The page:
To Americans, there are few things more terrifying than going blind . Glaucoma is a particularly scary vision-stealing disease because without screening it offers no warning to those it strikes, causing significant, irreversible vision loss before a patient notices something is wrong. But in January, in honor of Glaucoma Awareness Month, the vision-research community reflects on the past year’s progress toward managing this challenging disease. As with all diseases, progress is dependent on research. First, it looks into understanding what causes the condition, and then into therapies that prevent, treat or cure it. Glaucoma research, spanning decades, has successfully identified what...
Dear Research Advocate: Wake-up news this week: the U.S. has dropped out of the top ten on the list of “innovative countries” (see Bloomberg Innovation Index .) Also: for the first time, China is producing more scientific publications than the U.S. and recently released data from the National Science Board indicate that China is on track to overtake the U.S. in government investment in science research and development in two years or less. Meanwhile, among budget priorities, U.S. investment in R&D is treated like an afterthought -- with a broken budget system to boot. The fact that critically important government functions are in a “state of suspended animation,” as Ellie put it in a...
Dear Research Advocate: It’s “deja vu all over again” -- the current continuing resolution (CR) is set to expire tomorrow (January 19) at midnight. It may go to the wire, but Congress will likely pass a fourth CR to keep the government running until February 16. Last year, CRs dragged on and on until May 5! These serial deadlines are increasingly used as leverage by both sides of the aisle to push for legislative priorities, and thus it is increasingly difficult to pass a budget in a timely fashion. Still, a CR is far, far better than a government shutdown, which shortchanges the American public in many ways and can trigger serious and long-lasting effects on public health . Here is a good...
Dear Research Advocate: The clock is ticking; rumors abound; deals are on and off and the only thing certain is that we’ve been down this road four times already for this fiscal year without a resolution – yes, you guessed it! We are facing yet another round of flat government funding under a continuing resolution (CR). The current CR will expire on January 19, just a week from tomorrow. The latest news is that negotiations are moving ahead on a two-year package to raise the caps on defense spending by $72B in FY18 and $80B in FY19, and on non-defense spending by $45B in FY18 and $50B in FY19. I am cautiously optimistic that a deal will move forward, enabling appropriators to use the...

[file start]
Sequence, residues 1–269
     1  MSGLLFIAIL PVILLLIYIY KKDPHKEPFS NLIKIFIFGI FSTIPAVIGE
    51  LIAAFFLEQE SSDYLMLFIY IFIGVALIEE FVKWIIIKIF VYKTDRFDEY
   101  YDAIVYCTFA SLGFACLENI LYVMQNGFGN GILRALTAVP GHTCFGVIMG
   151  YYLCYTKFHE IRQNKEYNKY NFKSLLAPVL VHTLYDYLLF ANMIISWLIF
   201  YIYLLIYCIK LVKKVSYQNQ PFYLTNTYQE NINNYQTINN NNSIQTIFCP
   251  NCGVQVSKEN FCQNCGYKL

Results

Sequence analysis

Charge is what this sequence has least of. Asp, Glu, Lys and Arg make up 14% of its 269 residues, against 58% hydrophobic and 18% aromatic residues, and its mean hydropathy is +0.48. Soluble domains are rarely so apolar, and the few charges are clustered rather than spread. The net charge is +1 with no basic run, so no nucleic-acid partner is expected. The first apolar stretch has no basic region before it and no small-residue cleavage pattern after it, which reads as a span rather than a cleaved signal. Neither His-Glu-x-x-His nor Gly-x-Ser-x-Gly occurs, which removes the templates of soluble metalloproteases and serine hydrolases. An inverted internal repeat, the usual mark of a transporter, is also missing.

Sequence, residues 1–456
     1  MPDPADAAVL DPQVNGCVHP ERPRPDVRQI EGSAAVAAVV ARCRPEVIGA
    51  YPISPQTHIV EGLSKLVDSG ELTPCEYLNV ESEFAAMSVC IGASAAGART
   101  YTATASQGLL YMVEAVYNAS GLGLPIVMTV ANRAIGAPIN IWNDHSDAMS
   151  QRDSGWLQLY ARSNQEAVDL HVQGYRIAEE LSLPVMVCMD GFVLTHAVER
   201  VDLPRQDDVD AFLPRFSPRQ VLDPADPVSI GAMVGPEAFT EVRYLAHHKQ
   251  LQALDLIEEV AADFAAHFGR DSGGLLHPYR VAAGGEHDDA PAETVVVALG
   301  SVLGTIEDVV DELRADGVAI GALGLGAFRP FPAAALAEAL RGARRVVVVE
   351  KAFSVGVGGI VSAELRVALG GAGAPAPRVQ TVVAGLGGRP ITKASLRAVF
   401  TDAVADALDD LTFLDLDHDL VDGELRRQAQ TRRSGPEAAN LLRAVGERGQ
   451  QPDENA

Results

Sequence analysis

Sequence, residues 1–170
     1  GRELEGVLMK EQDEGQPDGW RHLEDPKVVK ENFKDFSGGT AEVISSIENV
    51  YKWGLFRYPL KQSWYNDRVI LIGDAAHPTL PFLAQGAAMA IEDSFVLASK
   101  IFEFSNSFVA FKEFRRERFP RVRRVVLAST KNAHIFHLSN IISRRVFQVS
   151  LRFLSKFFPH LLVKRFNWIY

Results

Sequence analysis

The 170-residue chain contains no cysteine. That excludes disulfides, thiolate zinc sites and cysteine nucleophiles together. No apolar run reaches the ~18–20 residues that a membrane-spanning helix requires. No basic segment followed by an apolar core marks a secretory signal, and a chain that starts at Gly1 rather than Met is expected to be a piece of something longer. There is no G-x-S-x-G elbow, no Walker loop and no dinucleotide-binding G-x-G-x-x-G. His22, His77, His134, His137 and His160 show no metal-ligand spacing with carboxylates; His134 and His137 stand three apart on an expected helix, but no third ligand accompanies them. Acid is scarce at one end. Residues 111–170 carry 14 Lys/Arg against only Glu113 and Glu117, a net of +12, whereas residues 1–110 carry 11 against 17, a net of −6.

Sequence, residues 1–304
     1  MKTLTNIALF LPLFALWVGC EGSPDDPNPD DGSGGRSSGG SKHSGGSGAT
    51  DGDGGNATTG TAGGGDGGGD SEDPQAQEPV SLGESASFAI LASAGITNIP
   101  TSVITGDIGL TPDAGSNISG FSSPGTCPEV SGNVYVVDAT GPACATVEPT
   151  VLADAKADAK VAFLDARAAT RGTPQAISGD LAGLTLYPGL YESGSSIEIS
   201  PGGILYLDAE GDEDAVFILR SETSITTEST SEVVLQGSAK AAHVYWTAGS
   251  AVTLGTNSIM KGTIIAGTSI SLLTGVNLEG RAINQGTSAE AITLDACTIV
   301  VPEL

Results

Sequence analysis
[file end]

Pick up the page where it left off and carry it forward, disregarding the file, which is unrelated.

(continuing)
The January 2018 newsletter is now online . Highlights from this month include: In the new year, Research!America will continue to fight for the funding needed to speed medical progress and a policy climate in which public and private sector innovation thrive. Support for patient-centered research and efforts to strengthen public health, prevention and global health initiatives will be front-and-center, as major health challenges from the opioid epidemic, cancer to Alzheimer’s disease inflict damage on the health and economic prosperity of our nation. Record drug approvals and progress in addressing opioid misuse and stemming the spread of infectious diseases are among the many advances in...
Today marks Research!America’s 29th anniversary as your partner in advocacy. Thank you for your engagement and support as we enter the new year. Findings from surveys we commissioned in 2017 reaffirm a slow-boiling irony: Americans have confidence in science and say they trust and respect scientists, yet scientists and the institutions in which they work remain largely invisible to the public. It may be tempting to view these findings as a signal that silence (and invisibility) are golden, but that would be a dangerous leap to make. “Confident in” is not synonymous with “supportive of,” and “invisible” and “top priority” rarely go hand in hand. Our findings and those of ScienceCounts and...

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Luck shouldn't play a role in why I'm alive.
Laurie MacCaskill, a seven-year pancreatic cancer survivor